Lyft will suggest a donation for drivers. Passengers could pay less, but drivers could also refuse to pick them up if they did. Now, Lyft is removing all doubts about how much you should pay by enforcing mandatory pricing.
Lyft cars are unmistakable with those giant pink moustaches fastened to their hoods.
"And I'd tap the app and a driver would show up," San Francisco resident Karen Tse said.
Tse liked the way she could use her smartphone to summon a driver.
"It's good because I was able to pay them my, what I think they deserve," she said.
A suggested donation would appear on her smartphone. Tse sometimes paid a little less, but it cost her later on.
"Every single time I went onto the app, it said no drivers available," she said.
Tse says no one from Lyft would give her a lift. Later she saw a notice on an old receipt that read, "low donations may make it hard for you to get rides in the future."
Lyft told 7 On Your Side that drivers can screen passengers with a history of low payments.
Tse said that meant voluntary donations weren't really voluntary. Now, Lyft is acknowledging that by replacing voluntary donations with mandatory pricing.
In an email to customers, Lyft says:
"We're transitioning from donations to regular payments in California, providing peace of mind to drivers and more transparency to passengers."
A spokesperson did not respond to our request for an on camera interview. But here's the new pricing: The company will calculate fares based on rates of $1.90 per mile and 40 cents per minute. It will charge a $2.50 pickup fee and $1 to cover insurance.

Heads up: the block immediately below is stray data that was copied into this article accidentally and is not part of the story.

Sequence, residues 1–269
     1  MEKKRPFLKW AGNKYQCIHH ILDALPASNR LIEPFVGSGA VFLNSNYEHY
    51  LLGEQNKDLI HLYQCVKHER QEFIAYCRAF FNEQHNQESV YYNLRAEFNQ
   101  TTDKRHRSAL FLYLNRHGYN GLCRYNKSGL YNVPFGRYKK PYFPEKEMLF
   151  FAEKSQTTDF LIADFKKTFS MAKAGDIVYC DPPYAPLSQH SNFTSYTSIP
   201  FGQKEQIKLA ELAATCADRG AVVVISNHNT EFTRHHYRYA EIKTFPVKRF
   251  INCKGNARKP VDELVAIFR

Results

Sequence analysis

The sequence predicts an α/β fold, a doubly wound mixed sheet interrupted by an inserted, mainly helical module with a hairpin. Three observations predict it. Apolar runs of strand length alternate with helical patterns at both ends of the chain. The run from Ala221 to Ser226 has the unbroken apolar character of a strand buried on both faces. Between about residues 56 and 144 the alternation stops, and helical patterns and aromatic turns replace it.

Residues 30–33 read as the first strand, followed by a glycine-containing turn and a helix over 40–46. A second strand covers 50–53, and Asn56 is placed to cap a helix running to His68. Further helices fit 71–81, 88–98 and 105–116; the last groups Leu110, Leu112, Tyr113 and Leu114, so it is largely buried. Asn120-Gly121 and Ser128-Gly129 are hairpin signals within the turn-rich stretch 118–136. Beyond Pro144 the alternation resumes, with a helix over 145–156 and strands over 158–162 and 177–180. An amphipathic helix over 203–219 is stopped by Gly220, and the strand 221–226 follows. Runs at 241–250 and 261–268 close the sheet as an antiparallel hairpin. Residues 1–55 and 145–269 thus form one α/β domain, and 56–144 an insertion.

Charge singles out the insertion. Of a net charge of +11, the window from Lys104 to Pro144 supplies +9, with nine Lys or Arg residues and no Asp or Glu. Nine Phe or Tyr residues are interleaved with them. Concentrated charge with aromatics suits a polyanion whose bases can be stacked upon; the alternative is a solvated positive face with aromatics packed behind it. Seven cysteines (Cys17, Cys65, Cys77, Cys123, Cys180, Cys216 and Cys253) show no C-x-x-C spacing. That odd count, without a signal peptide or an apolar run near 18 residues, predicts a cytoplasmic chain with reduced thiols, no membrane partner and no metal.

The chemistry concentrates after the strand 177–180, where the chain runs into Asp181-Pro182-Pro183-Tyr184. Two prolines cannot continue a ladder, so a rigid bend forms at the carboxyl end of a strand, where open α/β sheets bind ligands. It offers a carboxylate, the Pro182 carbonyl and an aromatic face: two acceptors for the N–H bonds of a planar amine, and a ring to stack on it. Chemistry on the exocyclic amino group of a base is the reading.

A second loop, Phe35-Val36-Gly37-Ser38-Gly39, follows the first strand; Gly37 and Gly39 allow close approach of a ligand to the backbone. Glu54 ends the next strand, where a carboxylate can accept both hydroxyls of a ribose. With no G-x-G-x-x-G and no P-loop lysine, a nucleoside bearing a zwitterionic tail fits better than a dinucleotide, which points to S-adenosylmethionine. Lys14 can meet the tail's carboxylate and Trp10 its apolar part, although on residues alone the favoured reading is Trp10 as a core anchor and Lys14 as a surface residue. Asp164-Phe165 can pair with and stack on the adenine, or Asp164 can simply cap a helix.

By contrast, San Francisco taxis charge $2.75 per mile, 55 cents for each minute stuck in traffic or waiting and there is a $3.50 charge at pickup.
Also, Lyft is now adding a prime time tip for drivers during peak hours. Tips will start at 25 percent of fare, depending on demand. For example, on New Year's Eve, the company charged a $23 tip for this $19 ride.
Lyft tells customers:
"Prime time will happen automatically when passengers requesting rides outnumber drivers on the road. Passengers will see a clear notification showing the percent tip before confirming a ride request."
Tse says she's OK with the set pricing.
Last year, the California Public Utilities Commission ruled the rideshare companies do not need to be regulated like taxis and limousines, but can operate as networking companies. Now a taxicab association is appealing that ruling at the PUC.